How to resurface no-stick cookware
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No-stick cookware is often used in low-fat cooking because foods can be cooked in little or no oil. The surface of no-stick pans has been coated with a permanent substance that prevents food from clinging to its surface. This non-stick substance can, however, wear off over time.
You don't have to throw those scratched pans out, though. Resurfacing the pan will save you money and allow you to get more use out of your no-stick cookware.
- No-stick cookware is often used in low-fat cooking because foods can be cooked in little or no oil.
- Resurfacing the pan will save you money and allow you to get more use out of your no-stick cookware.
Wash your cookware thoroughly. For cooked-on food, allow the pan to soak long enough that it can be washed off with a soft cloth. Avoid using abrasive scouring pads, which can further damage your no-stick coating.
Fill the pan with water and a tablespoon of vinegar. Bring to a boil over medium heat and boil for five minutes. This will remove any built up residue left from cooking oil and sprays. Wash the cookware again in warm soapy water and rinse thoroughly.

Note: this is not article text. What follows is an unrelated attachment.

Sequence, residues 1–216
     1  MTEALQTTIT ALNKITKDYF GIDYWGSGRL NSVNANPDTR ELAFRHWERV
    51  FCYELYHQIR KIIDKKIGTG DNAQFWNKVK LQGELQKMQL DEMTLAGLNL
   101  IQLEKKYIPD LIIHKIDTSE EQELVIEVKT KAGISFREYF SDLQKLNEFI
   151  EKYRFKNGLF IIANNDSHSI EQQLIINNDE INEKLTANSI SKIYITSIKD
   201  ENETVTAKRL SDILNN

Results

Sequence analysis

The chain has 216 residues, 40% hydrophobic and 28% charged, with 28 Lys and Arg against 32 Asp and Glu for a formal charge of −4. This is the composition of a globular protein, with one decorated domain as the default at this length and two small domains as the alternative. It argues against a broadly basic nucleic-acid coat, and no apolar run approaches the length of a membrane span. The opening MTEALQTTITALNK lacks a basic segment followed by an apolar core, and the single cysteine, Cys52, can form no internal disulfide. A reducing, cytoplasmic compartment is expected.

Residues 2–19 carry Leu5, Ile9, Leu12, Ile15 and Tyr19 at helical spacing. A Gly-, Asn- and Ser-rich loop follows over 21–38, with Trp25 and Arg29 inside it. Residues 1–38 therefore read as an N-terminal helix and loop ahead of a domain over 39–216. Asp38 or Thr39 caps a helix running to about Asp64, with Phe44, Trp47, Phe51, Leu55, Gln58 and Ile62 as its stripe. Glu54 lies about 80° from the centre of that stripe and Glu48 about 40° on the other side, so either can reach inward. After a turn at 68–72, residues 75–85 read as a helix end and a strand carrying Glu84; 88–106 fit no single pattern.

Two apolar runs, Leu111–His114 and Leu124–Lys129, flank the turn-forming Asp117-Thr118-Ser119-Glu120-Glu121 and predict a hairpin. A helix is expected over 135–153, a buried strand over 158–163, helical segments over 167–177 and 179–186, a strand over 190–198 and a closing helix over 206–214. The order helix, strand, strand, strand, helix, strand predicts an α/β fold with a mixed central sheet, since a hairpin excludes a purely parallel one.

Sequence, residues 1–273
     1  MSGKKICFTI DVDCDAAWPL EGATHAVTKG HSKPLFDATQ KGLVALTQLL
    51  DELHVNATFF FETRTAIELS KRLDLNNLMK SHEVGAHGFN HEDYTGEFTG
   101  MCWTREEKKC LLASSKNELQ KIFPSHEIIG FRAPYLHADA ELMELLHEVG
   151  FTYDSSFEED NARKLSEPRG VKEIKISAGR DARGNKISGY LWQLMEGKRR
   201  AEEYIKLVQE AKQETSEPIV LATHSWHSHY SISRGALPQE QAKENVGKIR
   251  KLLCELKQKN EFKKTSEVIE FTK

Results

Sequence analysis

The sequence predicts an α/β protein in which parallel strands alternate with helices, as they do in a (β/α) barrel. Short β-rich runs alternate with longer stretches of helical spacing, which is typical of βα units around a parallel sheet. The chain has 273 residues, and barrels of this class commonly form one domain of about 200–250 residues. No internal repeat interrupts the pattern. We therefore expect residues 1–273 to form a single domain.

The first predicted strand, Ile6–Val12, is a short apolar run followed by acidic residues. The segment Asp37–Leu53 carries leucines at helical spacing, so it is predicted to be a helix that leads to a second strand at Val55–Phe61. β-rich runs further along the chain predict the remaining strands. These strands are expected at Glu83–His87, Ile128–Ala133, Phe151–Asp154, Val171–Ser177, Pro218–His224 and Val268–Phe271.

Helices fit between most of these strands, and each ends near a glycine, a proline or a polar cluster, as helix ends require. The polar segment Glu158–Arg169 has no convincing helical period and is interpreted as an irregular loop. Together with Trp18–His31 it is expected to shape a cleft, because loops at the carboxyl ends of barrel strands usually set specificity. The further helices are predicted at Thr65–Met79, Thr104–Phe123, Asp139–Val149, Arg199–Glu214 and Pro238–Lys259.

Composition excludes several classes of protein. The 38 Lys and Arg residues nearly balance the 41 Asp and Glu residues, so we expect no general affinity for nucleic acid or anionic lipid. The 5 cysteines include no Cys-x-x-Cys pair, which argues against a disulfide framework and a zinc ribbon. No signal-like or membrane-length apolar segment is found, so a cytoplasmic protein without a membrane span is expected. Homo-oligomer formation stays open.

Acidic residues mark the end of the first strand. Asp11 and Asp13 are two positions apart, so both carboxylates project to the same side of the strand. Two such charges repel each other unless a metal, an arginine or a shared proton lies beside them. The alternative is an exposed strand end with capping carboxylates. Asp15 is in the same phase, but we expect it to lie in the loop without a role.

Dry your cookware with a soft towel and allow it to air dry for several hours. The pan should be completely free of moisture before resurfacing it.
- Fill the pan with water and a tablespoon of vinegar.
- Dry your cookware with a soft towel and allow it to air dry for several hours.
Spray the cooking surface of your pan evenly with a non-stick surface repair spray. These sprays are available online or in kitchen supply stores. Allow the pan to air dry for 30 minutes while heating your oven to 260 degrees Celsius.
Place the no-stick cookware in the 500-degree oven and bake for 45 minutes to allow the resurfaced non-stick coating to set up. Remember to remove any plastic handles on your pan first to avoid melting them. Let the pan cool to room temperature once it is removed from the oven. Wash the pan again before use.
- Wash your no-stick cookware by hand. Dishwashers can scratch the surface.
- Use only wooden utensils to prevent damage during cooking.
- Avoid cooking at high temperatures, which can cause decomposition of some non-stick surfaces.
Donella Bowles is a freelance writer living in rural Virginia. She has completed a Bachelor of Arts degree with areas of emphasis in biology, chemistry and history. Bowles has written for eHow, Answerbag, Examiner and Organized Wisdom.